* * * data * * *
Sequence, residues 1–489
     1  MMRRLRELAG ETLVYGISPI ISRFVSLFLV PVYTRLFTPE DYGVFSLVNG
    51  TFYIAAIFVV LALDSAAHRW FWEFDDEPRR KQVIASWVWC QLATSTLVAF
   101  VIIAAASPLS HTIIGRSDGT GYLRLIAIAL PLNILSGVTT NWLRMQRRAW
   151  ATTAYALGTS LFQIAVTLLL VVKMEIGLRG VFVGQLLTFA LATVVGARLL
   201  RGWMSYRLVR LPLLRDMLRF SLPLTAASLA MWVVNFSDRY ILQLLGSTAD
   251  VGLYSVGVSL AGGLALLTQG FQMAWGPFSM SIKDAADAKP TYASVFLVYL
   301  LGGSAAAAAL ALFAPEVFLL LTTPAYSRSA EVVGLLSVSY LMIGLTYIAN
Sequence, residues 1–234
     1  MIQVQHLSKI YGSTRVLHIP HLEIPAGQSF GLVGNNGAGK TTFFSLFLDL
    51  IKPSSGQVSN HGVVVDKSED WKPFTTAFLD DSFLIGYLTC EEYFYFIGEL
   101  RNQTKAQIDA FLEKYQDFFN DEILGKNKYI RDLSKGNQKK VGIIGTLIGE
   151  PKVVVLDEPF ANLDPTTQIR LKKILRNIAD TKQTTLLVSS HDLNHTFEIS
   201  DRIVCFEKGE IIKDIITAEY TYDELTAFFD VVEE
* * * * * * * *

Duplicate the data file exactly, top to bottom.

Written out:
Sequence, residues 1–489
     1  MMRRLRELAG ETLVYGISPI ISRFVSLFLV PVYTRLFTPE DYGVFSLVNG
    51  TFYIAAIFVV LALDSAAHRW FWEFDDEPRR KQVIASWVWC QLATSTLVAF
   101  VIIAAASPLS HTIIGRSDGT GYLRLIAIAL PLNILSGVTT NWLRMQRRAW
   151  ATTAYALGTS LFQIAVTLLL VVKMEIGLRG VFVGQLLTFA LATVVGARLL
   201  RGWMSYRLVR LPLLRDMLRF SLPLTAASLA MWVVNFSDRY ILQLLGSTAD
   251  VGLYSVGVSL AGGLALLTQG FQMAWGPFSM SIKDAADAKP TYASVFLVYL
   301  LGGSAAAAAL ALFAPEVFLL LTTPAYSRSA EVVGLLSVSY LMIGLTYIAN
Sequence, residues 1–234
     1  MIQVQHLSKI YGSTRVLHIP HLEIPAGQSF GLVGNNGAGK TTFFSLFLDL
    51  IKPSSGQVSN HGVVVDKSED WKPFTTAFLD DSFLIGYLTC EEYFYFIGEL
   101  RNQTKAQIDA FLEKYQDFFN DEILGKNKYI RDLSKGNQKK VGIIGTLIGE
   151  PKVVVLDEPF ANLDPTTQIR LKKILRNIAD TKQTTLLVSS HDLNHTFEIS
   201  DRIVCFEKGE IIKDIITAEY TYDELTAFFD VVEE